Dyke builders generally take into account a time horizon of several decades to a century. If the sea level rise is not too bad, the dikes will keep the Netherlands dry for the next century.
But if the sea level rise – a consequence of global warming and melting polar ice – strong progress, then dikes alone will not suffice. One idea is to open up areas of land to water and nature, so that sand, silt and peat can contribute to ‘land level rise’. The sooner we start doing this, the more we will benefit from it in the future. According to Weisscher de Biesbosch, this is the prime example that this can be achieved.
Biesbosch has risen 2 meters
The Biesbosch was created 600 years ago after the Saint Elizabeth flood. At that time, the responsibility for maintaining dikes was still very fragmented because it rested with individual farmers. These were times of financial turmoil, with the result that dikes were less well maintained. After the first breakthrough of the seawater in the Grote Waard near Dordrecht, there was no stopping it. Farmers and residents withdrew and nature was given free rein. The area was watered down and rivers started to deposit silt. People went fishing there, planted pilot whales and slowly but surely a process of mooring started. As a result, the Biesbosch has become two meters higher than surrounding polders that were not affected, simply by washing up sand and silt, and plant and tree growth. In the landscape this is just hard to see.
“We feel very safe in the Netherlands,” says Weisscher, “but the later we start with land-level rise, the greater the chance that cities will be flooded.”
In Zeeland, for example, cut through the dikes in a controlled manner, so that the land behind can rise with the sea level due to sand supply and tidal action.
Regulated land level rise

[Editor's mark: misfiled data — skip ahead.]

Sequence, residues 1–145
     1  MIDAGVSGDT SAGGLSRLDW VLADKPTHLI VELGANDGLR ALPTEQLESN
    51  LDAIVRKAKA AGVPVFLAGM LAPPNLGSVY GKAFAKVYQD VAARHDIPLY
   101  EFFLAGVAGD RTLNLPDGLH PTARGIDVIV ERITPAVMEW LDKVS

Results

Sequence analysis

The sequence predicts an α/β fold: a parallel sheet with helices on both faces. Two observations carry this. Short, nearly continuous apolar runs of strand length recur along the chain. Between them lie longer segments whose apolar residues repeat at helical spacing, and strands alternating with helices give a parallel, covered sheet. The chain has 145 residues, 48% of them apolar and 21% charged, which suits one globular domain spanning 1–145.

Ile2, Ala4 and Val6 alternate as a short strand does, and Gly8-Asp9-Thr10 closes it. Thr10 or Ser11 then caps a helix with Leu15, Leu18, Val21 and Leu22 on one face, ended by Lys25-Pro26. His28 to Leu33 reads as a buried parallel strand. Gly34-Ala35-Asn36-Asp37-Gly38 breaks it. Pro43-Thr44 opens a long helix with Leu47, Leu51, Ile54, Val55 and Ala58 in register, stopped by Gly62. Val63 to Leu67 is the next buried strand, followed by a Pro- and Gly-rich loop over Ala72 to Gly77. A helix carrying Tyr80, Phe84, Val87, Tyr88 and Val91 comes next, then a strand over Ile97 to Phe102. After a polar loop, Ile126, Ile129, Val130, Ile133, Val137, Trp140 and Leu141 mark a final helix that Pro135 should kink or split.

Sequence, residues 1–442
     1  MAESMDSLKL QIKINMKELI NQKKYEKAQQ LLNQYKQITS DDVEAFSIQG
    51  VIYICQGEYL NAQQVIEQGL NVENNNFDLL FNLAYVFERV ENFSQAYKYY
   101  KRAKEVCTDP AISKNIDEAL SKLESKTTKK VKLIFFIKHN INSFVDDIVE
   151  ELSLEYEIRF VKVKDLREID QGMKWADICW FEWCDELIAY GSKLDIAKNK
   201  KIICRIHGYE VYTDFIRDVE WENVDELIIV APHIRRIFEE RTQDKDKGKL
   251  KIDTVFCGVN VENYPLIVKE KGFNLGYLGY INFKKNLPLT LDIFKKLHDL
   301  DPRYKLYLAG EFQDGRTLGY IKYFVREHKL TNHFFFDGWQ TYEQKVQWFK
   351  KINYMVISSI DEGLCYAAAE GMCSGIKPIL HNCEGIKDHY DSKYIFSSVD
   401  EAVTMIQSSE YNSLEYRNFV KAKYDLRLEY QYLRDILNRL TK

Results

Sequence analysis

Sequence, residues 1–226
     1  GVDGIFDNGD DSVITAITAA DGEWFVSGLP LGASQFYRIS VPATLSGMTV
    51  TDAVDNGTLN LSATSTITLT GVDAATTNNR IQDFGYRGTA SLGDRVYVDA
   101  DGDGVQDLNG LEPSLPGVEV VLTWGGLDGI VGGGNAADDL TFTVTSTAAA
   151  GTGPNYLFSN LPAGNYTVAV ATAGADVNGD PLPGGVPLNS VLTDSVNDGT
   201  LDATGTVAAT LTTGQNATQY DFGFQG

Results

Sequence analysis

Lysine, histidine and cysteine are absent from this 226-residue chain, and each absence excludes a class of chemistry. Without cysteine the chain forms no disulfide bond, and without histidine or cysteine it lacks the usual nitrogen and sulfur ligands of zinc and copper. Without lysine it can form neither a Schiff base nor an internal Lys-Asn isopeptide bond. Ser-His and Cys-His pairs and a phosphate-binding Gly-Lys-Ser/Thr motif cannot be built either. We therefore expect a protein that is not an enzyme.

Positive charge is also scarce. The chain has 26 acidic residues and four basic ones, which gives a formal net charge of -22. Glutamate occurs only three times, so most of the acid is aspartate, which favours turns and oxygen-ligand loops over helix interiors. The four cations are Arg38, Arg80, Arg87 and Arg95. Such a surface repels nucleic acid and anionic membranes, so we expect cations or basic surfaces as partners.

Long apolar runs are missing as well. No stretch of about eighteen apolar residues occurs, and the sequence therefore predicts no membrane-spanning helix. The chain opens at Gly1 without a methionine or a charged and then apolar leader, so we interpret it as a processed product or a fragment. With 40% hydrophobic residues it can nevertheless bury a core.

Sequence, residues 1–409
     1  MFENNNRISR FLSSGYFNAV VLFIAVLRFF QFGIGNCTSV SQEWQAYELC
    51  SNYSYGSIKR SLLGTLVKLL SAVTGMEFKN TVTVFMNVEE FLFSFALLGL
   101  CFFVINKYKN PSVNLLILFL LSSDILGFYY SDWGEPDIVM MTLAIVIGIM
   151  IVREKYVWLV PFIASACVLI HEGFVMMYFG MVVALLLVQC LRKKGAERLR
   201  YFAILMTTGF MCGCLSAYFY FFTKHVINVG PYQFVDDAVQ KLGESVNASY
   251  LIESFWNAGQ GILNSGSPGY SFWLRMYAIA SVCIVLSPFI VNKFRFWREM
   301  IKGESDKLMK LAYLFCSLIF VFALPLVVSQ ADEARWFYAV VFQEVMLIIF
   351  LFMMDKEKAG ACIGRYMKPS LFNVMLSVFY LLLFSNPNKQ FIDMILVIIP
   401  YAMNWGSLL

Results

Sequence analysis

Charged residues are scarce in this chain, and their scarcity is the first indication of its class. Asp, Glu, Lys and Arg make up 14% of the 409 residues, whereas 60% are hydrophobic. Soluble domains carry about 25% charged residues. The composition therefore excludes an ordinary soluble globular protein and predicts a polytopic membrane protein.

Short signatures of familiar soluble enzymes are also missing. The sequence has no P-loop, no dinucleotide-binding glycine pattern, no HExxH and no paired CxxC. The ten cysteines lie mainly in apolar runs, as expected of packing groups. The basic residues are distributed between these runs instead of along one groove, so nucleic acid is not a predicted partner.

According to Weisscher, by creating wider barriers between the water (sea and rivers) and the land and by (temporarily) breaching dykes, the process of land-level rise can be set in motion in a controlled manner. In the laboratory he built a ‘sandbox’ in which he can mimic the process of silt deposition and plant growth. Using a computer model of the Western Scheldt, he calculates how things could go and in the Zeeland Hedwigepolder – which has been flooded again after years of struggle – fellow researchers are testing out how things are going in reality.
Don’t forget that the Netherlands used to be much bigger, says Weisscher. The IJsselmeer? Wadden Sea? peatland. Zeeland was a largely mature landscape and through peat extraction a lot of land was indirectly lost there (as a result of several ‘sea intrusions’), which we have only partially reclaimed with polders. Reduce the pumping of groundwater from the Green Heart, so that larger freshwater lenses can form underground. In Zeeland, for example, cut through the dikes in a controlled manner, so that the land behind can rise with the sea level due to sand supply and tidal action. That will really limit the damage in the event of any future breakthroughs. Because although dikes and other techniques can keep us dry, the chance of a flood never becomes zero. We can also enjoy these new wetlands, because this landscape can possibly be combined with wet agriculture and recreation.
According to Weisscher, the biggest obstacle is not technology or nature, but the question of how to gain public support for the idea of land-level rise. Do we dare to make the switch from ‘losing land’ to ‘investing in land for the future’?
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Rethink: let the land level rise – ‘Embrace the rising water, don’t arm yourself against it’ – Foodlog